Upper Right. A kite flown from the promenade around the Chongqing Opera House (重庆大剧院)flies above an apartment complex sporting the words 天下 (the land under heaven, i.e. the whole world).

Middle Left & Right. Green, a color once native to Chongqing, is now as much a planned impostor as the buildings and people. Manicured hedges, flowers in highway medians, urban vegetable gardens, and trees in public parks are the last vestiges of green in the city. Urban gardens are typically shared by residents of nearby apartment complexes. The gardens are usually quite vertical, using land that is unsuitable for any other use.

Middle Bottom. Cranes are the symbol of life for a building. While many projects in Chongqing have frenetic cranes swinging about them, many others are simply abandoned skeletons, often the result of a lack of sufficient investors.

Bottom. The white lines of a driving school test course suggest a complexity that might ensure capable drivers. However, the current generation of drivers seem to be proof that no matter how strict the driving test, the most important factor in creating good drivers is having parents/teachers who are good drivers, which only a few of the youngest generation have.

 

Chongqing 重庆

Chongqing 重庆

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Chongqing 重庆

Chongqing 重庆

Chongqing 重庆

 

Upper Left & Right. The controlled chaos of construction under the southwestern side of the Chaotianmen Chang Jiang Daqiao (big bridge 朝天门长江大桥). This massive area is set to be a new mixed retail and business center.

Bottom. Many migrant workers make a home wherever they’re allowed to or not bothered. That often means taking to hillsides near their construction sites. This man sits beside his temporary home and gazes through the haze at a block of high-rise apartments.

 

Chongqing 重庆

Chongqing 重庆

Chongqing 重庆

 

Upper Left. The red walkway that scales the upper edge of the Chaotianmen Chang Jiang Daqiao. Not open to the public, this walkway runs across the entire top of the bridge and would be undoubtedly breathtaking and terrifying to climb.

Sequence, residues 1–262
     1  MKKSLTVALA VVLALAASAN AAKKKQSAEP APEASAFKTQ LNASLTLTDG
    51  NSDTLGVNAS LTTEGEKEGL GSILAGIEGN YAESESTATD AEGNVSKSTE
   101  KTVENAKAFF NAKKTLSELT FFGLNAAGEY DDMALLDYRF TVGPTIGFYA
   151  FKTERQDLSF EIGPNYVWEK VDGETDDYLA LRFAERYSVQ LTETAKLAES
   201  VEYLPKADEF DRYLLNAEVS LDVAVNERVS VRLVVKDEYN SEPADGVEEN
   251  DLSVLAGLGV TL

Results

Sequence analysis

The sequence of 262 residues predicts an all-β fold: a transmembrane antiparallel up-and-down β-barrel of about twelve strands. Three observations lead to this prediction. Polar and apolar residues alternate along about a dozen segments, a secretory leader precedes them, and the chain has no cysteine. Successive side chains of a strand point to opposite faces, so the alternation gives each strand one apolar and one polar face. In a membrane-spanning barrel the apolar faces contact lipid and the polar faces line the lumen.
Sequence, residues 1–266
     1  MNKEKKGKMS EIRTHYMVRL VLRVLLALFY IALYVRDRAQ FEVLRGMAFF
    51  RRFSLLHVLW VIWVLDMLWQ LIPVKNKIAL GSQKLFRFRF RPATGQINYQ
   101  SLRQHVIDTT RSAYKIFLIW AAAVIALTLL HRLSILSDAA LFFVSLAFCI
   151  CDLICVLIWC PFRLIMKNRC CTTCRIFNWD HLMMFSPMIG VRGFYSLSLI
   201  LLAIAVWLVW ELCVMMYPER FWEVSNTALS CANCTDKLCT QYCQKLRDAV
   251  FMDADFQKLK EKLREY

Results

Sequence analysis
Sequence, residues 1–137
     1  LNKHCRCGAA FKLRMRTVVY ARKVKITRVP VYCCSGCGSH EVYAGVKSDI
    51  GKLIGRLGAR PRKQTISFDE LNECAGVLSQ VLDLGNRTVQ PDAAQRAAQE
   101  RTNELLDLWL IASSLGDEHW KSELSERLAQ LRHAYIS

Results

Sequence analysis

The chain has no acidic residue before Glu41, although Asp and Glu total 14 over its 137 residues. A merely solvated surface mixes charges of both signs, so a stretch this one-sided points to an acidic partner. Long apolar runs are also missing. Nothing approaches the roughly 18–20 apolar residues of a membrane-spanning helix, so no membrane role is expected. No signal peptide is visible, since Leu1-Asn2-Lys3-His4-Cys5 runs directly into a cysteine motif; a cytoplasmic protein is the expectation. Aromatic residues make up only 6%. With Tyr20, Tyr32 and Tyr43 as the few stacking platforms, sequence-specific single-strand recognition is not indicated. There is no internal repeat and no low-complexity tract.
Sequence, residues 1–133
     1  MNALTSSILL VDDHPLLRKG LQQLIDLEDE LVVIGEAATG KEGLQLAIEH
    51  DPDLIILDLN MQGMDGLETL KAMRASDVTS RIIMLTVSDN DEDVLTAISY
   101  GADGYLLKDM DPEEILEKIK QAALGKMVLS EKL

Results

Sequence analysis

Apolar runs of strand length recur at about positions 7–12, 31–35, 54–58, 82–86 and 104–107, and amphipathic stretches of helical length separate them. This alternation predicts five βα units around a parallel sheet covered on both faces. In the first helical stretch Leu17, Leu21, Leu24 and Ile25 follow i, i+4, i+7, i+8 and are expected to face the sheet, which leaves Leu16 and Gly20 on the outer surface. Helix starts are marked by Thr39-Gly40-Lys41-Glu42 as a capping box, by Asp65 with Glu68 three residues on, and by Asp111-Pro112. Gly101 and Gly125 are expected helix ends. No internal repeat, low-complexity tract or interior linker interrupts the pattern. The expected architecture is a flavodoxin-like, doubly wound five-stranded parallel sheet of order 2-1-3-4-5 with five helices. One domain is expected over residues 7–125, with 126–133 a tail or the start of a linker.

Upper Right. The bolts holding the Chaotianmen Chang Jiang Daqiao together.

Middle Left. An old seemingly abandoned or perhaps repurposed boat’s sign hints at its past life (茶|鱼 means the boat served tea and fish).

Middle Right. A construction worker installs windows in a newly built apartment complex.

Middle 1. The Chang Jiang’s (Yangtze) waters are almost always alive with boats of all shapes and sizes, from modern commercial shipping and fishing boats, to individual wooden canoes used for fishing and trapping.

Middle 2. Sunset against the Chaotianmen Chang Jiang Daqiao.

Bottom. Panorama view through the haze of Jiefangbei’s Chaotianmen (朝天门).

 

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Top. Plastic dividers used as highway medians and barriers at construction sites piled together for storage.

Bottom. An abandoned house marked for demolition (拆) is used as a temporary home. This house stands in an area marked for construction, though currently no development appears to be taking place. Houses like this, which are partially torn down amidst stagnant projects search for funding become homes to those with no other options. This particular house stands next to a bustling residential district.

 

Chongqing 重庆

Chongqing 重庆